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Ribbed mussels remove bacteria and reduce excess nutrients in contaminated waterways. 

Mark Dixon

These mussels could be key to decontaminating New York City’s dirty waters

The waterways of New York City are famously dirty: They’re full of everything from cigarette butts to runoff from wastewater treatment plants. Fish and plants are literally choked out as algae, which thrive in the nutrient-rich waters, use up all the available oxygen. Now, a team of scientists has found a possible solution, using tens of thousands of mussels to vacuum up excess nutrients from part of the Bronx River Estuary. A floating raft stocked with the marine bivalves could remove about 60 kilograms of nitrogen from the water each year, they suggest, and a flotilla of hundreds of rafts could make meaningful improvements to water quality in urban areas.

The new results are “exciting and promising,” says Odd Lindahl, a marine ecologist at the University of Gothenburg in Sweden who wasn’t involved in the research. “Shellfish aquaculture has a great potential for … improving coastal water quality.”

The team—which includes marine scientists, a commercial mussel farmer, and volunteers from a New York City–based youth development program—spent several exhausting days collecting nearly 32,000 adult ribbed mussels from the salt marshes and mudflats of Jamaica Bay in New York City. Ribbed mussels, once plentiful before many marshes were paved over, are a natural choice for scrubbing the Bronx River, says team member Julie Rose, a research ecologist at the National Oceanic and Atmospheric Administration Northeast Fisheries Science Center’s Milford Laboratory in Connecticut. They’re native to the region, and they dine on bacteria and phytoplankton, which absorb excess nutrients like nitrogen and phosphorus. And scientists wouldn’t have to worry about human poachers: Ribbed mussels aren’t on the menus of fine restaurants because they produce a chemical that gives them a terrible taste.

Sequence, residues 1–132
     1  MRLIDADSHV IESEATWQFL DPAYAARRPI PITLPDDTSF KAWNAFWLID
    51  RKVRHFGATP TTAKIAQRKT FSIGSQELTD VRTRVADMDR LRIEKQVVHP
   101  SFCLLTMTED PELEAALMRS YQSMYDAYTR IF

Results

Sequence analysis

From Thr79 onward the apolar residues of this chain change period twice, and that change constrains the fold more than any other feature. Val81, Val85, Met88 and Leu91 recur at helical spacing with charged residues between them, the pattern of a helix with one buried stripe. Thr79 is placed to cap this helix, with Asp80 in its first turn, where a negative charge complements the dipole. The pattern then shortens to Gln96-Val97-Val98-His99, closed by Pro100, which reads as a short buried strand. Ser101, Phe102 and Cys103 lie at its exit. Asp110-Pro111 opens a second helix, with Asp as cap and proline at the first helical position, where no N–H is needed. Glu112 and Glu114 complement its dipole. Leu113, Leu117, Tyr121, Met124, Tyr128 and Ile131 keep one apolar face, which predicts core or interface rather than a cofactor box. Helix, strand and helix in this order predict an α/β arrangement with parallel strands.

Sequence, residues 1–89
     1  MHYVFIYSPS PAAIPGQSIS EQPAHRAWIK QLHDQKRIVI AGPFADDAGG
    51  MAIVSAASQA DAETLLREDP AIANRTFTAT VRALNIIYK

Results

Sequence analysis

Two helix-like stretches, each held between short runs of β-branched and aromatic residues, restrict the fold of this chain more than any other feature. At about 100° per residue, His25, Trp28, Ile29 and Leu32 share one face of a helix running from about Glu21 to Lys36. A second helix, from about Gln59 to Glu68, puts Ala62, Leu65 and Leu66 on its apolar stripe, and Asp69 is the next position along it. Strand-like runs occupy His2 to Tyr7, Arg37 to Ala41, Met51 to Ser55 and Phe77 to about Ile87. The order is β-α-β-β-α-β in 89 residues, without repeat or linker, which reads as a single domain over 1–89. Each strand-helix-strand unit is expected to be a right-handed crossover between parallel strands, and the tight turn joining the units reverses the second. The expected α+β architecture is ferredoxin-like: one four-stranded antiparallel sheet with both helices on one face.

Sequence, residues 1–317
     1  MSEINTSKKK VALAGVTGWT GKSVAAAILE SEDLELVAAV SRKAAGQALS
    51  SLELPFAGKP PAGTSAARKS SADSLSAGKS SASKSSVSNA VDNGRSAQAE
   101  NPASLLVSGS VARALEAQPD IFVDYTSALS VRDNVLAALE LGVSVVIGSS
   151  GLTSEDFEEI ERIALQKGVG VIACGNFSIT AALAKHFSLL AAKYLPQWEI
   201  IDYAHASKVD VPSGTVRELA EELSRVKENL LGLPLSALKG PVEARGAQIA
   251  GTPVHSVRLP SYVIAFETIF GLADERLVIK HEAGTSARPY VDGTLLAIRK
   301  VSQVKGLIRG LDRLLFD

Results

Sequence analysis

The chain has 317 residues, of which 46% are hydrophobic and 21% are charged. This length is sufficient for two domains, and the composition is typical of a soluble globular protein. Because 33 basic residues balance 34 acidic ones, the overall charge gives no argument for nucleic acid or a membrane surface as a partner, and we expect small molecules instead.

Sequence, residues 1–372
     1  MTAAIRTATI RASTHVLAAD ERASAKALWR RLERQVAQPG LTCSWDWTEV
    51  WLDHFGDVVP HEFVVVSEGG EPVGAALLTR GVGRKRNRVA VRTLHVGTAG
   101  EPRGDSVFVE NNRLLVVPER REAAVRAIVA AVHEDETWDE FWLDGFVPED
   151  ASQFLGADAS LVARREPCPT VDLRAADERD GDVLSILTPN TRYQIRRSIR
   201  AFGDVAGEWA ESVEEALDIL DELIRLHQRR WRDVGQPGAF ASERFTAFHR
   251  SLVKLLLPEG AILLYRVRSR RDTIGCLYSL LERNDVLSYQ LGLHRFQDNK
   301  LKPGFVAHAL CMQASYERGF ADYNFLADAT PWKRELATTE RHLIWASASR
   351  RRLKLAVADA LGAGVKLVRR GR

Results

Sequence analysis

Using dissolvable cotton thread, the researchers attached some of the finger-length mussels to submerged nylon ropes and placed the rest in mesh bags hanging off a specially built raft. The floating platform, measuring 6 by 6 meters, was then anchored just downstream from the Hunts Point Wastewater Treatment Plant, a facility that pumps out an estimated 830–1600 metric tons of nitrogen a year.

Six months later, the researchers retrieved 30 of the mussels, dried and ground their tissues, and measured the levels of nitrogen in the mussel powder. Extrapolating the results, the researchers estimated that the 32,000 mussels had likely removed about 6 kilograms of nitrogen from the water, they reported last week in Environmental Science & Technology. That would mean a fully stocked raft of mussels—about 338,000 animals in all—could potentially sequester more than 60 kilograms of nitrogen in their tissues, shells, and bodily fluids. That’s a small dent in the yearly nitrogen discharge of Hunts Point, the scientists acknowledge, but hundreds of rafts could make a real impact. 

Setting up flotillas of mussels might be harder than it sounds, however. The team couldn’t coax young larval-stage mussels to populate the raft, so they had to collect adult mussels from a nearby salt marsh destined to be drained. Such “vacuum cleaner” mussels would also need to be periodically replaced. “When mussels are younger, they incorporate more nutrients into their tissues because they’re growing faster,” says Eve Galimany, a shellfish biologist and team member from the Milford Laboratory. Not so with older mussels. But instead of going to a landfill, those old-timers could be used to make chicken feed, Galimany suggests. “The whole point is to recycle nutrients.”